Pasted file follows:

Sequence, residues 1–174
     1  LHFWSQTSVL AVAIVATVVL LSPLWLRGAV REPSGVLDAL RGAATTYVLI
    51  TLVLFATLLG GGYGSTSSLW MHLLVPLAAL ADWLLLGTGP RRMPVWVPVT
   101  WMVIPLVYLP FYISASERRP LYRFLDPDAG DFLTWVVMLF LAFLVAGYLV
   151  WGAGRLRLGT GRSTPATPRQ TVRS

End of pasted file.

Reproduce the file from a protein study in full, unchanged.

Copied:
Sequence, residues 1–174
     1  LHFWSQTSVL AVAIVATVVL LSPLWLRGAV REPSGVLDAL RGAATTYVLI
    51  TLVLFATLLG GGYGSTSSLW MHLLVPLAAL ADWLLLGTGP RRMPVWVPVT
   101  WMVIPLVYLP FYISASERRP LYRFLDPDAG DFLTWVVMLF LAFLVAGYLV
   151  WGAGRLRLGT GRSTPATPRQ TVRS